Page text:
Shaver finally applauded for singing others' hits which he wrote

May 06, 1994|By J. D. Considine | J. D. Considine,Sun Pop Music Critic

Billy Joe Shaver has spent more than 20 years as one of country music's great unknowns.

As a songwriter, he's had tremendous success. Over the years, Shaver churned out such classics as John Anderson's breakthrough smash, "I'm Just an Old Chunk of Coal (But I'm Gonna Be a Diamond Some Day)"; the Tom T. Hall hit "Old Five and Dimers"; and "Ride Me Down Easy," which was a chart-topper for Bobby Bare.

But his influence is even greater than his compositional achievement suggests. His work was the cornerstone of country's Outlaw movement -- Waylon Jennings' landmark "Honky Tonk Heroes" album consisted almost entirely of Shaver's songs -- and his tough, Texas approach to the music presaged much of today's country sound.

Trouble was, nobody outside of country music's inner circle knew who Shaver was until recently. Needless to say, that made it hard for him to get the credit he deserved.

"People would come up to me and say, 'Boy, you sure do that Tom T. Hall song just as good as he does.' And it'd be one of my songs," he says, over the phone from a tour stop in Alexandria, Va. "When it first started happening with me, I'd usually get my feelings hurt and go off and get drunk. But now I don't. I just say, 'Thank you.'

"But that must have been about three years ago," he adds.

"Now, they don't say that. They know about me writing these songs now. It just finally got around to people knowing what I've done."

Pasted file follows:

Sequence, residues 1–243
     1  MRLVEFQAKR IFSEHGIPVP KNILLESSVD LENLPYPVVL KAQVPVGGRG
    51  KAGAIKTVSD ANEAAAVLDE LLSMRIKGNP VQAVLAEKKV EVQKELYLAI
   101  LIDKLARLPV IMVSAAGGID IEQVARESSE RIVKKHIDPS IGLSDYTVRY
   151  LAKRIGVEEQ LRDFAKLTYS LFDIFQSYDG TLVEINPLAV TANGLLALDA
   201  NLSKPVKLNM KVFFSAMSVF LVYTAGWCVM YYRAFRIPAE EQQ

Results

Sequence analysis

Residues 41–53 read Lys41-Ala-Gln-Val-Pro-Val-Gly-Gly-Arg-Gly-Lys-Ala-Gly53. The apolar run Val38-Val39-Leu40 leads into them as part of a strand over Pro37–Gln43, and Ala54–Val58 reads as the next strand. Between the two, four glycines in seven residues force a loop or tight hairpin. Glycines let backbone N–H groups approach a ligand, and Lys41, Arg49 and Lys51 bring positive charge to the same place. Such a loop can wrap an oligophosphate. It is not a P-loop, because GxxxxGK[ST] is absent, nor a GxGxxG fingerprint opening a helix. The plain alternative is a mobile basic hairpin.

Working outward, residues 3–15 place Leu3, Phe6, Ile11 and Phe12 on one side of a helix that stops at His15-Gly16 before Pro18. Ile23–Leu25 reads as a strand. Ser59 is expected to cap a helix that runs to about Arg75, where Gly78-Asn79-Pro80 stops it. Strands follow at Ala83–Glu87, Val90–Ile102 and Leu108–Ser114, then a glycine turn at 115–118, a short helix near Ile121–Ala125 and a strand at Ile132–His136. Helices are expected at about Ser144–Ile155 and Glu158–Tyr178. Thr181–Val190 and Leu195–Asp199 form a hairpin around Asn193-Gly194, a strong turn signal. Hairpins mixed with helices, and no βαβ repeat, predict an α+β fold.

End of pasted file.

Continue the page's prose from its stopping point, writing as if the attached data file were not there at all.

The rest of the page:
Well, most of the time, anyway. "Last night, we played 'Old Chunk of Coal,' and the owner of the place said, 'I didn't know you wrote that song.' I guess I ought to put out an album of stuff that I've written," says Shaver, laughing. "Maybe name it, 'I Didn't Know He Wrote That.' "

What finally changed things? Obviously, some of it has to do with the critical acclaim Shaver garnered for his latest album, "Tramp On Your Street," and some with the success of his current single, "Georgia on a Fast Train." Mostly, though, it was a matter of persistence -- his.

"All I did was kept writing songs and playing," says Shaver. "I've had the same bass player for the last five, six years now, and Eddy, my son, has been playing with me since he was about 14.

"We just kept on playing. Of course, we were trying to get a deal with somebody, but nobody would bite."

Ironically, part of the problem was that he was too far ahead of the times. His last album before "Tramp On Your Street" was "Salt of the Earth," a 1987 album Shaver describes as being "like what they're doing now. We've always had more bite on our music. It kicks a little harder. But it's still country, you know?"

Shaver isn't surprised by the country establishment's resistance change. "When Waylon did that 'Honky Tonk Heroes,' people there at RCA and everywhere would tell him that he couldn't make it doing that kind of thing, because it was so different from what was going down. But it turned out to be the cornerstone of the whole deal, and people started growing a little bit."

It also helps that contemporary country audiences are more concerned with getting to the emotional heart of the music than with merely following the latest trends.

"I think that's why so many people are showing up at these shows," he says. "I really believe they enjoy hearing the guy sing the song that wrote the song. Because you can deliver it exactly like it should be, and the song is actually alive. It's like a little time capsule. You're in the moment, and they are, too."


When: Saturday at 10 p.m.

Where: Club Stabile's, 3919 Eastern Ave.

Tickets: $10

Call: (410) 342-8462

Listen in

To hear excerpts from Shaver's "Tramp On Your Street," call Sundial, The Sun's telephone information service, at (410) 783-1800. In Anne Arundel County, call 268-7738; in Harford County, 836-5028; in Carroll County, 848-0338. Using a touch-tone phone, punch in the four-digit code 6228 after you hear the greeting.

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